What is a Register of Processing Activities and why do you need to have one? 

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Registro de Actividades de Tratamiento

What is a Register of Processing Activities and why do you need to have one? 

Keeping a register of processing activities (hereinafter “RoPA”) can be considered one of the most important requirements arising from the General Data Protection Regulation (hereinafter “GDPR”). Thus, its preparation is one of the first actions to be carried out in order to comply with the GDPR. 

What is the Register of Processing Activities? 

The RoPA is an internal document whose purpose is to serve as a guide within the organization that manages it for compliance with the regulation. In other words, it must be a map or photo that exhaustively reflects the data processing activities of its owner.

A RoPA must at lease contain the following: 

  1. the name and contact details of the controller and, where applicable, the joint controller, the controller’s representative and the data protection officer;
  2. the purposes of the processing;
  3. a description of the categories of data subjects and of the categories of personal data;
  4. the categories of recipients to whom the personal data have been or will be disclosed including recipients in third countries or international organisations;
  5. where applicable, transfers of personal data to a third country or an international organisation, including the identification of that third country or international organisation; 
  6. where possible, the envisaged time limits for erasure of the different categories of data;
  7. where possible, a general description of the technical and organisational security measures. In this respect, the Spanish Data Protection Authority (hereinafter, the “AEPD”) has clarified that the absence of determination of these measures is only justified if the impossibility of foreseeing them is duly explained.

However, this content varies slightly if the author is the data processor of the information.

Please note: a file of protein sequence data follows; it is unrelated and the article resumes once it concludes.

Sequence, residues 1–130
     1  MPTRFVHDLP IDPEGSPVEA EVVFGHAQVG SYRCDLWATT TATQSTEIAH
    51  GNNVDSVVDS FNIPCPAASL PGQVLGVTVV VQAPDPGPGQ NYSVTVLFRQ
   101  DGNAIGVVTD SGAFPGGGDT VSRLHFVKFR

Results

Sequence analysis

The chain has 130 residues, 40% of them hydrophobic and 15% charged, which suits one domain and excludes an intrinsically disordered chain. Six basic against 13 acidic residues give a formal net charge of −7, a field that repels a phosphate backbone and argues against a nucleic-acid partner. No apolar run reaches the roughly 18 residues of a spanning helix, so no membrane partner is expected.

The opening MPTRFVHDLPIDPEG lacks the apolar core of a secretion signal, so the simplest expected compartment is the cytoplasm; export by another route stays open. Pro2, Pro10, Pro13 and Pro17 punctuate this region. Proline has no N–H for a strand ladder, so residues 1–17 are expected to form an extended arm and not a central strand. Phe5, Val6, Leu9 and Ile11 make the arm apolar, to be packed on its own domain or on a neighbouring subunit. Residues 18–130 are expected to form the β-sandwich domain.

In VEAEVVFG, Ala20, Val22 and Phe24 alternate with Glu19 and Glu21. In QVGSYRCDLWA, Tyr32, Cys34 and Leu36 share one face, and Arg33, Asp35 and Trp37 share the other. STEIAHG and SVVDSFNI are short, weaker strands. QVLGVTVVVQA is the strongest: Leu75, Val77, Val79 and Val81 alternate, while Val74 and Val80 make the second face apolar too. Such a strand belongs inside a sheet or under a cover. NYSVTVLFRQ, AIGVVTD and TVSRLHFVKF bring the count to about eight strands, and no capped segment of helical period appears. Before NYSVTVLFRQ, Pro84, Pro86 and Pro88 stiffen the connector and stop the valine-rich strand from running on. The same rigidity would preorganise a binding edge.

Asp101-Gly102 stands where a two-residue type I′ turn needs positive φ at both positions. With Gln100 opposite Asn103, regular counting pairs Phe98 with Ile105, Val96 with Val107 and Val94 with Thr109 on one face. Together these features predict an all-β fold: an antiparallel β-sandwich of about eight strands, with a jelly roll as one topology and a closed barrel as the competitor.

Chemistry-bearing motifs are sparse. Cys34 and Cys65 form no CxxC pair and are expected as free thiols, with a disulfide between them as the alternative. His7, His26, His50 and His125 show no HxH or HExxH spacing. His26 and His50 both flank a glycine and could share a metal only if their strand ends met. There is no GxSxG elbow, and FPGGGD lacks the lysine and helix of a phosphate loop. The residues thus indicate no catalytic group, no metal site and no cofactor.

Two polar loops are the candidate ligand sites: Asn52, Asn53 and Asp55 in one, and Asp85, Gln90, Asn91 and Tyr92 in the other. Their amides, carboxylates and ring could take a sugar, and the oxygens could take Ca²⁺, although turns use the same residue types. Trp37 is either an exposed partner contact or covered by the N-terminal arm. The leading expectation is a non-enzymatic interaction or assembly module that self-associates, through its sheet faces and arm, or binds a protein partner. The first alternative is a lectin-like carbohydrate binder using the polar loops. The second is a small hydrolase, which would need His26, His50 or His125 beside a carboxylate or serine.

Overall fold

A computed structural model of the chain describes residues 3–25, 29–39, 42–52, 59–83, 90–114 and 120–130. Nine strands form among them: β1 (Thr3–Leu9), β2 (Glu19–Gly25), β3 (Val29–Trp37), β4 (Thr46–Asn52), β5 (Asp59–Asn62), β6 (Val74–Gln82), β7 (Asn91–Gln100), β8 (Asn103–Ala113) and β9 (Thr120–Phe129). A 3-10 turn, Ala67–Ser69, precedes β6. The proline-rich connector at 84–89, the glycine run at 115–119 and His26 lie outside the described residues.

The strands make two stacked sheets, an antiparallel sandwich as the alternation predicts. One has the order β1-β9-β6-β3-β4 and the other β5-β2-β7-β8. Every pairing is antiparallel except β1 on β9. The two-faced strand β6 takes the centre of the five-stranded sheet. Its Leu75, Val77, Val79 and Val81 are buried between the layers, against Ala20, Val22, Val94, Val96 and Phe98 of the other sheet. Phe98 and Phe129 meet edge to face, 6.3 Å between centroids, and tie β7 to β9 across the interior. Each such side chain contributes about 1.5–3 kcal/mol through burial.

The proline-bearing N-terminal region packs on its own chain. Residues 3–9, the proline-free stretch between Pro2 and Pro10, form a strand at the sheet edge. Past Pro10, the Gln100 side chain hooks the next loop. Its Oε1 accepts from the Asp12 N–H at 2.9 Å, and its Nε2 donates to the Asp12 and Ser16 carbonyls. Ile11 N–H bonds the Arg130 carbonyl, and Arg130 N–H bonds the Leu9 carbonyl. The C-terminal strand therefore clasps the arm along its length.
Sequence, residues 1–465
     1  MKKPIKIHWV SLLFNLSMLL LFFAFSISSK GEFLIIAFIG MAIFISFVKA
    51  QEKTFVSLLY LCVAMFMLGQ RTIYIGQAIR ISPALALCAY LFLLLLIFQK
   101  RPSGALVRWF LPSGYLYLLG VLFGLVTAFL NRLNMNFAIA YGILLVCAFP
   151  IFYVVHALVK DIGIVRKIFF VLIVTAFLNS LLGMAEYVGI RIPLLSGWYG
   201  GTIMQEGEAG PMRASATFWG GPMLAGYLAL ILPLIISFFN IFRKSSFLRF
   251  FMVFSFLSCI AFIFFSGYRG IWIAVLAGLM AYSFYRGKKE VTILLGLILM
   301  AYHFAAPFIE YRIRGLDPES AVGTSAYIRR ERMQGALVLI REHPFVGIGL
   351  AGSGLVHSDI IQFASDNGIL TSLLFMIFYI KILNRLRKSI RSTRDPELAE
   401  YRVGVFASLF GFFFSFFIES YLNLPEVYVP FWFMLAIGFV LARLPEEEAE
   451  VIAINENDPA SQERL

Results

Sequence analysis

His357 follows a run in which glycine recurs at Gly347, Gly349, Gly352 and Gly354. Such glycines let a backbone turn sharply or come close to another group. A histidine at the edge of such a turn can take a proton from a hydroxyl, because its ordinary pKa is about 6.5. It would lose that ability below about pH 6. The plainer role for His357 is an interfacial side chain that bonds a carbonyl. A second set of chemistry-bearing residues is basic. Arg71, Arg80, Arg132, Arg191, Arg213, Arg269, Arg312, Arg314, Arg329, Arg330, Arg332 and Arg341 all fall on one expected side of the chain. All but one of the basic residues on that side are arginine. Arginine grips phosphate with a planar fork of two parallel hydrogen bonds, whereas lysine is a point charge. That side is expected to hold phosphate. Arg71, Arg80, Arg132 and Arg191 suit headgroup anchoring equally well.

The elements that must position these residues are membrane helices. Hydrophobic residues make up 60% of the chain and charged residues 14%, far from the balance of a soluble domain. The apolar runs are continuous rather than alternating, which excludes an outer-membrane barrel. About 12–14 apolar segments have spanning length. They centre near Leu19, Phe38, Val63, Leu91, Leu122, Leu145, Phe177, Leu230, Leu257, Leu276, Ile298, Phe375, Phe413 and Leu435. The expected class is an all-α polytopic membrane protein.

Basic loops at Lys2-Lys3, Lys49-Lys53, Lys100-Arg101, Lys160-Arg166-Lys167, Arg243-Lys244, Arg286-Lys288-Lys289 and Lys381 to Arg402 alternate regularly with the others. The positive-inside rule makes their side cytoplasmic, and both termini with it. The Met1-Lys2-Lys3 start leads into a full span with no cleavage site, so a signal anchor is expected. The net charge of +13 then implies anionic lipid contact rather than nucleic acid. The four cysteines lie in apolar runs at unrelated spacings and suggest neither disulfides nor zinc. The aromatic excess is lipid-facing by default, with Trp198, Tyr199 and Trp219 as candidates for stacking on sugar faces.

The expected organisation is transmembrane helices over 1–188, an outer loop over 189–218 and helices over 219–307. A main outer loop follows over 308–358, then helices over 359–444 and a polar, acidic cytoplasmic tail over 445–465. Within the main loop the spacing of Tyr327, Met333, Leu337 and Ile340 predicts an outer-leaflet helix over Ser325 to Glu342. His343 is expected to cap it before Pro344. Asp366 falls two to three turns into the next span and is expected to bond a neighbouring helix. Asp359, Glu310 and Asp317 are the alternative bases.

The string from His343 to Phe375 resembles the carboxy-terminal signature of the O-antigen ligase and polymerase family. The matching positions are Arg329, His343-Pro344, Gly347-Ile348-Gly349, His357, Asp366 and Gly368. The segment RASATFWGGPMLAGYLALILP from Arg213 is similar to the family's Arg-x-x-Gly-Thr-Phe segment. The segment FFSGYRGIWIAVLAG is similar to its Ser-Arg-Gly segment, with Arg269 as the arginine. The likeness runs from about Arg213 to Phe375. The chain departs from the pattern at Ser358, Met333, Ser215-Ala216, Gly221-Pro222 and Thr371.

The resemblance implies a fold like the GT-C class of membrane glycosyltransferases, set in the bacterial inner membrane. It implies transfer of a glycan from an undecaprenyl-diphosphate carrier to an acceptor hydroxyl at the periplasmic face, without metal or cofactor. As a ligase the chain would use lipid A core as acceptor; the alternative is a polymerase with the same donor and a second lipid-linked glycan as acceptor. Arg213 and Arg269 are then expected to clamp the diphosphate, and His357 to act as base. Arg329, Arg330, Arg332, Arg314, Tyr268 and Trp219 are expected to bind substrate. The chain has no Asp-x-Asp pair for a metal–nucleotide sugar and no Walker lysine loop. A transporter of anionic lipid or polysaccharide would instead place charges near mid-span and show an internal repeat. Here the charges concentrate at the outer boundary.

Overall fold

In addition to the minimum information required, the RoPA may include other information that the controller or processor deems appropriate to protect the rights and freedoms of natural persons. 

Thus, the Spanish Data Protection Agency has stated that the RoPA could include aspects that facilitate the effective application of proactive responsibility, such as: “an analysis of risks to the rights and freedoms affected, a systematic description of the processing, the information systems on which it relies, a description of the identity of the data processors, the safeguards foreseen for carrying out international data transfers, contact information of the persons or departments of the organisation involved in the processing operations, etc.”.

Why is it important to have a RoPA? 

Drafting a RoPA forces data controllers and processors to carry out a prior analysis of the processing operations they are going to carry out in the course of their activities. This being so, and as GDPR sets forth in its recital 82, the RoPA serves as a means of proof to demonstrate compliance with privacy obligations before the AEPD 

Who should have a RoPA? 

The current regulations indicate that organisations employing less than 250 workers are exempt from setting up this register. However, those that carry out processing that may entail a risk to the rights and freedoms of data subjects, processing that is not occasional or includes special categories of data or data relating to criminal convictions and offences must have a RoPA regardless of the number of employees. 

What happens if I don’t have a RoPA ?  

Pursuant to article 73. n) of Organic Law 3/2018, of 5 December, on the Protection of Personal Data and guarantee of digital rights and art. 83.4.a of the GDPR, not having a RoPA when necessary is a serious infringement and, consequently, the infringing entity may be sanctioned with fines of up to €10 million or 2% of the company’s global turnover. 

In this respect, it should be noted that keeping an RoPA is not a one-off exercise, but the information included in it should reflect the current situation with regard to the processing of personal data. The register should therefore be treated as a living document. In other words, periodic reviews of the information processed should be carried out to ensure that the information contained therein is complete, correct and up to date.

AEPD takes compliance with the obligations associated to the RoPA very seriously. This being so, and by way of example, it is worth noting the recent sanction imposed by the AEPD on BURWEBS S.L., among other reasons, for maintaining an incomplete and outdated ARP.

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